Anarchy TV: The Movie
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Top Customer Reviews
Channel 69 is the local public access station that plays shows like "Political Jeopardy" and "Eat Me." The shows lambast the establishment, and push free speech and individualism. It is run by cute couple Jerry (Jonathan Penner) and Natalie (Jessica Hecht), hilarious paranoid Frank (Matt Winston), Katie (Moon Zappa), and Sid (Dweezil Zappa). Natalie is also a teacher, working her political agenda into subversive elementary school plays, much to the principal's (Mink Stole) chagrin.
Natalie's dad is Reverend Wright (Alan Thicke), who buys the television station, disowns his daughter, and throws the group out onto the street. They try to protest their plight, but no one seems to care as no one was watching them in the first place. They hold a couple of disastrous rallies, where all their friends butt heads about their personal beliefs. They are thrown in jail, and eventually bailed out by Oriental prostitute/fan Tiffany (Tamayo Otsuki).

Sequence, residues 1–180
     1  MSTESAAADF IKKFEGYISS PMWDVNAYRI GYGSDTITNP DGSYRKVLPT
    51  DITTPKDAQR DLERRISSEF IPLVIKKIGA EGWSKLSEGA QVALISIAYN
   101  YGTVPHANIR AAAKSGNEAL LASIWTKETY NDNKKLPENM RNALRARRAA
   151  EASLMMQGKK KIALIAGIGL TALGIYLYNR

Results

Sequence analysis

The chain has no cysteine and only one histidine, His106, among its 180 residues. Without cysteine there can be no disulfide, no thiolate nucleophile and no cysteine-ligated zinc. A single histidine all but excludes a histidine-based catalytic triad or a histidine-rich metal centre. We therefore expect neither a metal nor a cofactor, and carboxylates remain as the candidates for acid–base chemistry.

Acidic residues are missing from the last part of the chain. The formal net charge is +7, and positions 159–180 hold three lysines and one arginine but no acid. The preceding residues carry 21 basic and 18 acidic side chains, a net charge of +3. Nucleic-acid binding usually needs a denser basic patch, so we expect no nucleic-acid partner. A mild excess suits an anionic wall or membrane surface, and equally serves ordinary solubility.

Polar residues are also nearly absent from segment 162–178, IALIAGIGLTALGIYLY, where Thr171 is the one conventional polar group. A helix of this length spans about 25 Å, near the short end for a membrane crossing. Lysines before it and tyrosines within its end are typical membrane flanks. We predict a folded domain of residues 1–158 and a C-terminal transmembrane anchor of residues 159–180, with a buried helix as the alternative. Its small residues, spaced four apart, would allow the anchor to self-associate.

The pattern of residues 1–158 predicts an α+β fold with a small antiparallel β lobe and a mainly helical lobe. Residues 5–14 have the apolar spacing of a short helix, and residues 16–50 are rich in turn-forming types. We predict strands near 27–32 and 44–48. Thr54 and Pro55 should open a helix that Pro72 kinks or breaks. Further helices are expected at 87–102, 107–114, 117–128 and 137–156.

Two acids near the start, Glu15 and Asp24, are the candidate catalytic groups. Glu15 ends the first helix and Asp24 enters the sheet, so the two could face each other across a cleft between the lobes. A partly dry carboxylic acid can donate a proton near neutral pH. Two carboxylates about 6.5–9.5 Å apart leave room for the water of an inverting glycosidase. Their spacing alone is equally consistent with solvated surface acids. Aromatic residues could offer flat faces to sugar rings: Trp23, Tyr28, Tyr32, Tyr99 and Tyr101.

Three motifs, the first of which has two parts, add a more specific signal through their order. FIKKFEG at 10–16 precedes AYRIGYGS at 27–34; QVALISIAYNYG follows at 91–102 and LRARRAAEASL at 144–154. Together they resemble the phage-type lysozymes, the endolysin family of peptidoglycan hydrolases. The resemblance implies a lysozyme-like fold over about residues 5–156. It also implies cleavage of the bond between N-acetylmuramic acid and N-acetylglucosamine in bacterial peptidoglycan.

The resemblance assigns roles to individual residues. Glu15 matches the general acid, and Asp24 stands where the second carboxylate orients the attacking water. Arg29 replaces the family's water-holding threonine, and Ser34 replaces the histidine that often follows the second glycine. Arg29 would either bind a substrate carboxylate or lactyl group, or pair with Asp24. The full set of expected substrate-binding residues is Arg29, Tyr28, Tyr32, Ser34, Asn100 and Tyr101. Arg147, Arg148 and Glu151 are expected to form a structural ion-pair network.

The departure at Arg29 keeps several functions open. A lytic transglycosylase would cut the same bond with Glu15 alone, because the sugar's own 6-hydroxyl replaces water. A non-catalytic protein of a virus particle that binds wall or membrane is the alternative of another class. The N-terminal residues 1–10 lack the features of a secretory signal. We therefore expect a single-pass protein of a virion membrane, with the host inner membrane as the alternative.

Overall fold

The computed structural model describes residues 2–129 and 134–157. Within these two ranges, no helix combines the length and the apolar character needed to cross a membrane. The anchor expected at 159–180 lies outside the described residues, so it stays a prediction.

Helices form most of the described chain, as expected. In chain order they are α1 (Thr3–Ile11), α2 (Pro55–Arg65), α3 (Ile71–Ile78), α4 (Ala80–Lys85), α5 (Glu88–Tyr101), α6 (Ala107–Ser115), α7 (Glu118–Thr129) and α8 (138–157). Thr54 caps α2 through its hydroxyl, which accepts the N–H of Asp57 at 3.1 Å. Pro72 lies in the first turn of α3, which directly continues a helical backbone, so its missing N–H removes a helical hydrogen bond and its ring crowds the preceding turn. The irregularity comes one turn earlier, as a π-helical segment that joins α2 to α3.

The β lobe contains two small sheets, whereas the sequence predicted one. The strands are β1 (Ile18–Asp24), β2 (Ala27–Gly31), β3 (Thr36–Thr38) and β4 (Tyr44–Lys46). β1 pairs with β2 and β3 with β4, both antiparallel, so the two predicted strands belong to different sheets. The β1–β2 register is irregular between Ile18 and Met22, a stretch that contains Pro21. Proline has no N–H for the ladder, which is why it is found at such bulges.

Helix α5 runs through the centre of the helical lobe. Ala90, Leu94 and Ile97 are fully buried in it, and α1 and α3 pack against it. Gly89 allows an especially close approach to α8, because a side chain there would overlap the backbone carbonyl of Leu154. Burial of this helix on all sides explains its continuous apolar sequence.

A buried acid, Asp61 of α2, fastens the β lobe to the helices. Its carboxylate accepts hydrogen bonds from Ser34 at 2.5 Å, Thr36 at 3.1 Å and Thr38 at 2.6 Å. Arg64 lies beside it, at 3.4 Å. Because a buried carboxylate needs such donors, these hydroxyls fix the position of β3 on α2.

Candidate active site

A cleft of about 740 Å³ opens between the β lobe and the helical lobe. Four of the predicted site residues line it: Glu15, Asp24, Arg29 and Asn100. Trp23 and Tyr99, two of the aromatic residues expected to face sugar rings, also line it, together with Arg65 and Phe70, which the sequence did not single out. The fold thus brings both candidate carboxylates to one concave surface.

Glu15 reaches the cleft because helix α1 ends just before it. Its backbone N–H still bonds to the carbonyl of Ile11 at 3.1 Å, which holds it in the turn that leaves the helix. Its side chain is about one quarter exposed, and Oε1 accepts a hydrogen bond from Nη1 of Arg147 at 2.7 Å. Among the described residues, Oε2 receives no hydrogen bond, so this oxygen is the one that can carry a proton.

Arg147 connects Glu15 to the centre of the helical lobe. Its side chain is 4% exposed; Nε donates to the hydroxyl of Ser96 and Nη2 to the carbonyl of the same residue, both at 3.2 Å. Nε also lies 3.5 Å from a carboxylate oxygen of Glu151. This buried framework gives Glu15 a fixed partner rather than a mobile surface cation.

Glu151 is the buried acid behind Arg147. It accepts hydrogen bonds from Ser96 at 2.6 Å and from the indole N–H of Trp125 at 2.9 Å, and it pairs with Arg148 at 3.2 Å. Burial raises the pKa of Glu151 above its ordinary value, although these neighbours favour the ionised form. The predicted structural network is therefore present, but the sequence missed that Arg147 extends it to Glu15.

As the Christian station broadcasts on their station, the group hatches a new plan. They take the station by force and begin broadcasting their stuff again, much to the yawns and indifference of the viewing public. Even the police and press do not care. Frank discovers a safe in the station that holds the key to all his off-the-wall beliefs, and sets about breaking the combination.
Tiffany suddenly gets a great idea, and viewers begin tuning in- nude aerobics will do that. Soon, the little station terrorists find themselves to be media darlings, and people tune in, shedding their inhibitions and clothes as well.Read more ›
Most Recent Customer Reviews
Jonathan Prater before his 'fame' on Survivor. Other members of the cast have been in several movies over the years.Published on April 1, 2013 by William D. Mchone
AChannel 69 is a religious cable channel which is suddenly taken over by a group of young social anarchists, whose aim is to jump-start the social revolution by means of televising... Read morePublished on March 27, 2007 by William S. Rothstein
The film is a quite funny and refreshingly affirmative counter-culture take on religious hypocracy, police brutality and racism. Read morePublished on February 23, 2005 by Brian Bethman